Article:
Today, we started class today by continuing working on this question:
In small groups, you will devise a plan on how to separate the following frozen mixture of sawdust, iron fillings, sand, and sugar.
Ever group discussed with there tables about how they are going to separate these.
Our group said that we would melt the ice cube in a glass container. The less dense material (wood) will be floating and we will scoop it out. Then we will use a magnet to attract the iron filling out of the water. Then we will pour the water, sand, and sugar mixture through a coffee filter and into a glass container so the sand and water/sugar is separated. After that, we will heat the water/sugar mixture. We predict that by doing this, the water will evaporate and the sugar would stay in the glass container.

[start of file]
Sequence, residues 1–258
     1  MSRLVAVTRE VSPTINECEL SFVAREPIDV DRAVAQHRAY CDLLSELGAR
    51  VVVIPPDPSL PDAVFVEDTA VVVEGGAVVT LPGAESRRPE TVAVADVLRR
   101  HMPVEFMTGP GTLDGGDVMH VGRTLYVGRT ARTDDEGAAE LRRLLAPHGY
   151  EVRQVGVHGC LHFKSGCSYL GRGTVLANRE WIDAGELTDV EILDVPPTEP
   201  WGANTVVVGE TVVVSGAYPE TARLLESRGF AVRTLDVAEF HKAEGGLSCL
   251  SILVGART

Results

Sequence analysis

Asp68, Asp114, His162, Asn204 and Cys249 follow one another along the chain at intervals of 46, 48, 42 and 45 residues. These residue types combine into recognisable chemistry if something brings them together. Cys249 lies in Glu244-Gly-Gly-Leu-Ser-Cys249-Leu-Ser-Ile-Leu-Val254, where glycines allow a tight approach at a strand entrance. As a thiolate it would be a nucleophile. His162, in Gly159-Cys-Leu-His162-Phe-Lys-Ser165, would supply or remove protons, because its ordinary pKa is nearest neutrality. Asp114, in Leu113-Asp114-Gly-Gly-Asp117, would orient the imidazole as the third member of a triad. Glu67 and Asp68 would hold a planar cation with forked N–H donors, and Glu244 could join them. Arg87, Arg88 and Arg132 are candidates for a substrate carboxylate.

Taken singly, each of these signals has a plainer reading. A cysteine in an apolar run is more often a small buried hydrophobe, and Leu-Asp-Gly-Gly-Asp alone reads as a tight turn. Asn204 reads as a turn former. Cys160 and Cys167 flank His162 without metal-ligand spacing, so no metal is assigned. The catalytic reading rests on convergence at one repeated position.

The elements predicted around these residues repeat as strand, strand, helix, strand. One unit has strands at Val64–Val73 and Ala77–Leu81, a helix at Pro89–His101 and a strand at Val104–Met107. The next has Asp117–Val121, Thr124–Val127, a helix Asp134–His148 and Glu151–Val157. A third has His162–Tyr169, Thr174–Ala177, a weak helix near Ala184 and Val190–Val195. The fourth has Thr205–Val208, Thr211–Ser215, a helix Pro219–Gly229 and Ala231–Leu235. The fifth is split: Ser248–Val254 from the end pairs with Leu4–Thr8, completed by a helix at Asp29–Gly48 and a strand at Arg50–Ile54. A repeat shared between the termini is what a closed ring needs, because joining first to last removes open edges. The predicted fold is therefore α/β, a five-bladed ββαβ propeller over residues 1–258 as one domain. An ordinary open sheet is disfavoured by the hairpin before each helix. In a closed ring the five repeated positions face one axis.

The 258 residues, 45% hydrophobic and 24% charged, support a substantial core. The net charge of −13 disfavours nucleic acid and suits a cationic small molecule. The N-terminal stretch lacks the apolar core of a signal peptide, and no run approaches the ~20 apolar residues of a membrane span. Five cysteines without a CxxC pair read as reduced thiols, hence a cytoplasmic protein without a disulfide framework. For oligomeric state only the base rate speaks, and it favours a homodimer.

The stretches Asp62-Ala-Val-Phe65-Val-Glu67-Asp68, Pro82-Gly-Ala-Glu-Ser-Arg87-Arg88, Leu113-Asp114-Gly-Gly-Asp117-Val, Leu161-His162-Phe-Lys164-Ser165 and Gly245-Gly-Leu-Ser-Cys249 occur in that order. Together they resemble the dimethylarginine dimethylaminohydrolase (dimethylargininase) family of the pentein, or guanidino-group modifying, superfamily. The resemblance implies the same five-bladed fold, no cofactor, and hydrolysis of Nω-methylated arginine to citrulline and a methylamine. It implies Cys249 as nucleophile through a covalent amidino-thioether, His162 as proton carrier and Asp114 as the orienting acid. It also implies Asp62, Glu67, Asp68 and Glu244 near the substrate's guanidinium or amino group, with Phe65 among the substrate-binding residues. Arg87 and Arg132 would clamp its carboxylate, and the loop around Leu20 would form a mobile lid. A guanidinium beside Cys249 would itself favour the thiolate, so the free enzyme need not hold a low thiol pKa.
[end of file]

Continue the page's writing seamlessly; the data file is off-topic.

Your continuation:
After we came up our own experiments, we performed it. This experiment has to be done within the class period.
When performing our experiment, we were very careful when heating the water with dissolved sugar. Another group heated the water/sugar for too much and had the same outcomes as our sugar lab. I am not really sure about how to prevent this. Is there a certain temperature that sugar separates to carbon and water?
-AT 3rd Blog